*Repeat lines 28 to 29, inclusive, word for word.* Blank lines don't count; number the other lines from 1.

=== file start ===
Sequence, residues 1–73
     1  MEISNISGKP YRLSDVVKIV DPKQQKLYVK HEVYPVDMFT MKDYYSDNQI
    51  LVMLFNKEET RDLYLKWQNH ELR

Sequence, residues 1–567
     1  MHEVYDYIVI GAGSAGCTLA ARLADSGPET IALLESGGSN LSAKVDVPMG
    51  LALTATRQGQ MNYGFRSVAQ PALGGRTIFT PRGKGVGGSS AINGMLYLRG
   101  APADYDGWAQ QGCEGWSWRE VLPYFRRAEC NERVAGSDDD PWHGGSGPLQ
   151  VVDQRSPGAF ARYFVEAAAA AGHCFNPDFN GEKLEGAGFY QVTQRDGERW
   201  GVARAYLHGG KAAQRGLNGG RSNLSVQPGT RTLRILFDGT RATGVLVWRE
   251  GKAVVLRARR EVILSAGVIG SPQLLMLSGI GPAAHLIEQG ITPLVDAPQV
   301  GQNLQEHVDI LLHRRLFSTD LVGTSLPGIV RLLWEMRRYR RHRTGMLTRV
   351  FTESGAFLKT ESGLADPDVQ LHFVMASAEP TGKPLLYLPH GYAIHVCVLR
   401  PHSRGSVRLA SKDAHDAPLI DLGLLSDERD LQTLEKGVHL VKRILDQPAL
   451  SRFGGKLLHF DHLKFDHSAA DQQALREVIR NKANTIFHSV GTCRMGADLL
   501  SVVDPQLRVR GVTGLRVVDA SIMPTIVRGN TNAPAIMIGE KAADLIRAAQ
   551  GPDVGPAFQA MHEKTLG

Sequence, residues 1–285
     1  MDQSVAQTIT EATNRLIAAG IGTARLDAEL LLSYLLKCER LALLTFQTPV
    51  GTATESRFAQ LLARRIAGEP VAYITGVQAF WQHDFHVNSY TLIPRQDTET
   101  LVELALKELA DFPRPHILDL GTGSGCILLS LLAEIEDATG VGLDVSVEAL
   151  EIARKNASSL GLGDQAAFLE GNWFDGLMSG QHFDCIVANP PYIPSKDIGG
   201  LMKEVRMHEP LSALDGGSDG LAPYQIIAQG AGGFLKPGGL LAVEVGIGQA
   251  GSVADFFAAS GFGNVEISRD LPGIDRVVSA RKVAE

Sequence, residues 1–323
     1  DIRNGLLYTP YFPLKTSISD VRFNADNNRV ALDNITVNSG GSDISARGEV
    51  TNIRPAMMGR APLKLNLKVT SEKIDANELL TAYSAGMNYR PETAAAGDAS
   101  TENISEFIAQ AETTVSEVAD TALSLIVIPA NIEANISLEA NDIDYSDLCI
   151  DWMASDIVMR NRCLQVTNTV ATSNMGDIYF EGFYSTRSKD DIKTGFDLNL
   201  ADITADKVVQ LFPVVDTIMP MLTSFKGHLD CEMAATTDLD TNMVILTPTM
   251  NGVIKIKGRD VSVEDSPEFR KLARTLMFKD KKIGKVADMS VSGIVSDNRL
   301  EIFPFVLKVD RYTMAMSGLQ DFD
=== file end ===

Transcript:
   151  DWMASDIVMR NRCLQVTNTV ATSNMGDIYF EGFYSTRSKD DIKTGFDLNL
   201  ADITADKVVQ LFPVVDTIMP MLTSFKGHLD CEMAATTDLD TNMVILTPTM